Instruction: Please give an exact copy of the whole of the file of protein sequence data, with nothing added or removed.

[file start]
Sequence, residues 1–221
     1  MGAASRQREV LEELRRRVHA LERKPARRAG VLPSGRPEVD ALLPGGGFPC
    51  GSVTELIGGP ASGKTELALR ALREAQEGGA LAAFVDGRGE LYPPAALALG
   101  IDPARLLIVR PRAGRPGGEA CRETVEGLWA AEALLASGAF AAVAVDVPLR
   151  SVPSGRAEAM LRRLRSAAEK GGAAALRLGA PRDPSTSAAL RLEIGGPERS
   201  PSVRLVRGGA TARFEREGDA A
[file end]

Sequence, residues 1–221
     1  MGAASRQREV LEELRRRVHA LERKPARRAG VLPSGRPEVD ALLPGGGFPC
    51  GSVTELIGGP ASGKTELALR ALREAQEGGA LAAFVDGRGE LYPPAALALG
   101  IDPARLLIVR PRAGRPGGEA CRETVEGLWA AEALLASGAF AAVAVDVPLR
   151  SVPSGRAEAM LRRLRSAAEK GGAAALRLGA PRDPSTSAAL RLEIGGPERS
   201  PSVRLVRGGA TARFEREGDA A